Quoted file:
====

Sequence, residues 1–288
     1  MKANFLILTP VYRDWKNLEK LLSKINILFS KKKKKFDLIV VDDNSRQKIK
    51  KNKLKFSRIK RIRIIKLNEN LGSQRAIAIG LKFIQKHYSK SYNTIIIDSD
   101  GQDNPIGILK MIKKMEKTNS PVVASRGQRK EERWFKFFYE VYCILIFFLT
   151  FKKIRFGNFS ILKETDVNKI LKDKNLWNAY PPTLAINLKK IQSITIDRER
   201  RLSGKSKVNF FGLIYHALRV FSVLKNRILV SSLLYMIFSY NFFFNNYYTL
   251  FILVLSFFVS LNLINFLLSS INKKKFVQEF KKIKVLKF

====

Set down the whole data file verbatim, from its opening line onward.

Sequence, residues 1–288
     1  MKANFLILTP VYRDWKNLEK LLSKINILFS KKKKKFDLIV VDDNSRQKIK
    51  KNKLKFSRIK RIRIIKLNEN LGSQRAIAIG LKFIQKHYSK SYNTIIIDSD
   101  GQDNPIGILK MIKKMEKTNS PVVASRGQRK EERWFKFFYE VYCILIFFLT
   151  FKKIRFGNFS ILKETDVNKI LKDKNLWNAY PPTLAINLKK IQSITIDRER
   201  RLSGKSKVNF FGLIYHALRV FSVLKNRILV SSLLYMIFSY NFFFNNYYTL
   251  FILVLSFFVS LNLINFLLSS INKKKFVQEF KKIKVLKF